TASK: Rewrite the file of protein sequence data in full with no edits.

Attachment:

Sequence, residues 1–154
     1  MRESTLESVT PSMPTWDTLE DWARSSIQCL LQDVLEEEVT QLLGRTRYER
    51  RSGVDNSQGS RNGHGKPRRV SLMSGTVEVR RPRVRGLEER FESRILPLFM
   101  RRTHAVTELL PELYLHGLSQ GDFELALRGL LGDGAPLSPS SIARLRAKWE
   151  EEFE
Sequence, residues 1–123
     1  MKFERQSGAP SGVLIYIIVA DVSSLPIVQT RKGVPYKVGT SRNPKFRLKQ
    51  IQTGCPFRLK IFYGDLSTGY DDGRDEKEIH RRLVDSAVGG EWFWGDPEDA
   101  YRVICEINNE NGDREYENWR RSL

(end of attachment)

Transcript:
Sequence, residues 1–154
     1  MRESTLESVT PSMPTWDTLE DWARSSIQCL LQDVLEEEVT QLLGRTRYER
    51  RSGVDNSQGS RNGHGKPRRV SLMSGTVEVR RPRVRGLEER FESRILPLFM
   101  RRTHAVTELL PELYLHGLSQ GDFELALRGL LGDGAPLSPS SIARLRAKWE
   151  EEFE
Sequence, residues 1–123
     1  MKFERQSGAP SGVLIYIIVA DVSSLPIVQT RKGVPYKVGT SRNPKFRLKQ
    51  IQTGCPFRLK IFYGDLSTGY DDGRDEKEIH RRLVDSAVGG EWFWGDPEDA
   101  YRVICEINNE NGDREYENWR RSL